The Lifetime Allowance Explained

U.K. Chancellor George Osborne Delivers Annual Spring Budget Statement

Every UK citizen currently has a Lifetime Pension Allowance. This is the total amount you can save in your lifetime into pensions, work or private, without additional taxes being applied.

Background: An allowance in free fall

The current rate in 2015 is £1.25 million. However, this is set to be reduced to £1 million in April 2016. This is not the first time it has been lowered. Successive governments have seen it as an easy tax raid. The consequence is that it reduces the capacity of high earners to make tax efficient contributions to their pension funds.

When first introduced, the Lifetime Allowance was set at £1.5 million and then increased each year to £1.8 million in the 2010/11 tax year. Since then the allowance has been in free fall as the government has attempted to rein in spending.

Any increases in the Lifetime Allowance in the future are planned to be only by the annual rate of inflation. Current estimates indicate that on this basis the allowance won’t break the previous £1.8 million level until 2036.

So what happens if you exceed the lifetime allowance?

Pension funds are only assessed against the Lifetime Allowance when a benefit crystallisation event occurs. Most commonly, this is when you take a tax-free cash lump sum from the pension, or the pension is entered into drawdown. There is a final longstop crystallisation event at age 75, when all pension benefits are assessed against the Lifetime Allowance.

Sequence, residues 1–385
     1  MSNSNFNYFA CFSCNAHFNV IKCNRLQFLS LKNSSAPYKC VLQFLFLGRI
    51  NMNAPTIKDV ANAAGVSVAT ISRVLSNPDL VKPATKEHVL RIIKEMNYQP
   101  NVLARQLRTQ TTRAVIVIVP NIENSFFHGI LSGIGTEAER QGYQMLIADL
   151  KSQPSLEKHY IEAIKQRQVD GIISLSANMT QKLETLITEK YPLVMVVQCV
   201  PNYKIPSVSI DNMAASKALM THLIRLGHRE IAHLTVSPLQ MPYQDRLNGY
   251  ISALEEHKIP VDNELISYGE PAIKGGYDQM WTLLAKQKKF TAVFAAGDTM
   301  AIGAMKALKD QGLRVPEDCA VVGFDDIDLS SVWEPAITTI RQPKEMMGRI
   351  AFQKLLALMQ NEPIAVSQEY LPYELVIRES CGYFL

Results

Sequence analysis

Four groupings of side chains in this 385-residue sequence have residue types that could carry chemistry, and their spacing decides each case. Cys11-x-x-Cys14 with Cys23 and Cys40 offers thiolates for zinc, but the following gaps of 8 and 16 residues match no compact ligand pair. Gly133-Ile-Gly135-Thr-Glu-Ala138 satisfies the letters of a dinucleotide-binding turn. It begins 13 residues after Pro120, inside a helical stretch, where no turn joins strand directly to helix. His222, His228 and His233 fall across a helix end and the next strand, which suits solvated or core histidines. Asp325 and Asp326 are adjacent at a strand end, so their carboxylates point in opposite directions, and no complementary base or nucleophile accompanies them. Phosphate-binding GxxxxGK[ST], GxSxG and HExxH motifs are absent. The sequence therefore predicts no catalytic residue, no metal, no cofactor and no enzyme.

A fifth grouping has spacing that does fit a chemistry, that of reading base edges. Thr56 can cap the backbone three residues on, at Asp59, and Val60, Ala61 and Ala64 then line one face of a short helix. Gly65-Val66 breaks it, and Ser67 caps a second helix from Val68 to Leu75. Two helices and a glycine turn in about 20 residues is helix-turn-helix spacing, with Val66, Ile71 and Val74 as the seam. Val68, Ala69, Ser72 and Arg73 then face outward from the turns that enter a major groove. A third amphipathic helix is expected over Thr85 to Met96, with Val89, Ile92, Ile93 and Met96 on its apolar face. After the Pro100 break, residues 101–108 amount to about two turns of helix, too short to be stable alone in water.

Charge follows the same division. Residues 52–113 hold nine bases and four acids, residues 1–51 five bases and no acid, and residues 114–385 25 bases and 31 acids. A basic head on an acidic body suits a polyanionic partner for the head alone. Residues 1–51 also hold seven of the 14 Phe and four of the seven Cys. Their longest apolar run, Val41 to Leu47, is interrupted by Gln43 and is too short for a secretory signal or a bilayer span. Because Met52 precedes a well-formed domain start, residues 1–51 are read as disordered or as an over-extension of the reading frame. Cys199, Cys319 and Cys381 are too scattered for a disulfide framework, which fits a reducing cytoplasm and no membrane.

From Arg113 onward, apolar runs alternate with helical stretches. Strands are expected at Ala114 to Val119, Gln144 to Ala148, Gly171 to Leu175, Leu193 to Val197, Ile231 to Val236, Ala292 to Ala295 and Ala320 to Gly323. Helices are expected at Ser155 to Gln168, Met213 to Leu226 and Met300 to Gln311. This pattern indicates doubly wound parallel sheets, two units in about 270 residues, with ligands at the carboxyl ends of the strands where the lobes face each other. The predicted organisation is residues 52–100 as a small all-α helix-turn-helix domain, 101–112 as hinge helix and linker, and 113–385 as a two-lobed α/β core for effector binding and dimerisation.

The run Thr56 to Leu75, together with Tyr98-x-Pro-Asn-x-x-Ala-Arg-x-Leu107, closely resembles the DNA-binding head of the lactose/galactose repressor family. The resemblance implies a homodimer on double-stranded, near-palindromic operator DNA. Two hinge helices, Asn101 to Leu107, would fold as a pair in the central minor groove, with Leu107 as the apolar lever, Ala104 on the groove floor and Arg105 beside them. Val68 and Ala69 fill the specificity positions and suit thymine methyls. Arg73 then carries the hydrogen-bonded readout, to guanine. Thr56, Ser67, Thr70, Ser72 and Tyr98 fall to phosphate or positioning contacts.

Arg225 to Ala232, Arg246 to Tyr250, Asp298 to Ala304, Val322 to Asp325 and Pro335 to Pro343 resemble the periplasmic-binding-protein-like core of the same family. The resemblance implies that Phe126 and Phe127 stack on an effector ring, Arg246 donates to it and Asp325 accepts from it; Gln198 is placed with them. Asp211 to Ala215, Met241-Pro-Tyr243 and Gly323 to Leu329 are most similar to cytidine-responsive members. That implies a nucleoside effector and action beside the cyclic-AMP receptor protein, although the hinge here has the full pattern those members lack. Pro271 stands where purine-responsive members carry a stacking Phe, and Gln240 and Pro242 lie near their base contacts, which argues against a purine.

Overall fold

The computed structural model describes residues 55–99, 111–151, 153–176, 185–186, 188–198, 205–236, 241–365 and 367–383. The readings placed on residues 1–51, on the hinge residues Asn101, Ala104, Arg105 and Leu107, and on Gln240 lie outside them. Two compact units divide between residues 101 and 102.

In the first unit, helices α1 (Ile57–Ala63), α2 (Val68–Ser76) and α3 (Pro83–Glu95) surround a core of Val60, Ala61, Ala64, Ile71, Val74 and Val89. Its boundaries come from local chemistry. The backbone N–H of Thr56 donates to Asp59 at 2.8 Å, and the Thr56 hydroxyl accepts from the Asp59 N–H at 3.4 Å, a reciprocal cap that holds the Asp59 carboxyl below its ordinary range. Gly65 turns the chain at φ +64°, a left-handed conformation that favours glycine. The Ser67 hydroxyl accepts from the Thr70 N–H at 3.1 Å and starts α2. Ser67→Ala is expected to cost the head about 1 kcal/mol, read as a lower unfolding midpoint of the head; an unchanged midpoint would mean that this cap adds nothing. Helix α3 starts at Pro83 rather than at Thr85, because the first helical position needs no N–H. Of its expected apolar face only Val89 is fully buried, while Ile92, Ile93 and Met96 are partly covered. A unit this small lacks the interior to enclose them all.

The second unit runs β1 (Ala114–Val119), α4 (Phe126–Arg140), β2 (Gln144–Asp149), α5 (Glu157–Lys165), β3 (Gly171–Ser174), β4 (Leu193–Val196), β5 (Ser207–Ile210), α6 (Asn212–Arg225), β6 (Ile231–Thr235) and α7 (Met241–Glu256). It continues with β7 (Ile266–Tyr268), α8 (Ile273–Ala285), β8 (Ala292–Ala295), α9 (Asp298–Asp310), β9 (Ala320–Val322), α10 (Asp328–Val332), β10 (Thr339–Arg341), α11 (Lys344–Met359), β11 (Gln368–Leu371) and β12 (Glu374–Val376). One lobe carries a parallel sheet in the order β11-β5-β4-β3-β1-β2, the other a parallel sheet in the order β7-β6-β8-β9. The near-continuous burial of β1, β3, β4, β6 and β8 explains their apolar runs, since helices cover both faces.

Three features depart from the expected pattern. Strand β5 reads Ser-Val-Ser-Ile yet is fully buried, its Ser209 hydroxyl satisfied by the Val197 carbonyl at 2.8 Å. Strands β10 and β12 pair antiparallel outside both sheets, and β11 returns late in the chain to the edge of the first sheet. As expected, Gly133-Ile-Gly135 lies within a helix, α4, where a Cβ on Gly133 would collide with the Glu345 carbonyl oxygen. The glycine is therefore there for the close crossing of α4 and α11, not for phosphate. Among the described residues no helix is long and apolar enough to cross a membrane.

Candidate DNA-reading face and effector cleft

It is also possible to part crystallise a pension in order to keep any funds in excess of the Lifetime Allowance excluded from assessment for as long as possible until age 75.

Any funds that exceed the Allowance when an assessment is made can be taxed in one of two ways;

1. The excess can be taken as a lump sum and a one off 55% tax charge is applied.

2. The second option is to leave the funds within the pension and pay a 25% tax charge.

What could you do if you incur a charge?

The tax charged is essentially income tax so it may be worth considering making tax efficient investments in the same year to offset the effects of the taxation on the funds. Venture Capital Trusts and Enterprise Investment Schemes can offer tax relief of 30% against income tax paid in the current or previous tax year. These are regularly used in conjunction with excess Lifetime Allowance withdrawals to re-claim some of the tax that would have been paid.

Does this affect you?

The Lifetime Allowance is a complicated topic. Capital Wealth Partners are one of the UK’s leading advisers on this topic. We have an open information policy that allows you to ask questions in order to establish the best way to approach potential Lifetime Allowance charges.

Alexander Ogden is a Private Client Director at Capital Wealth Partners. He is one of the UK’s leading advisers on the pension Lifetime Allowance and high value pensions for high net worth clients. For further information on this topic or on advanced estate planning, he can be contacted at or by phone on 0844 338 6622.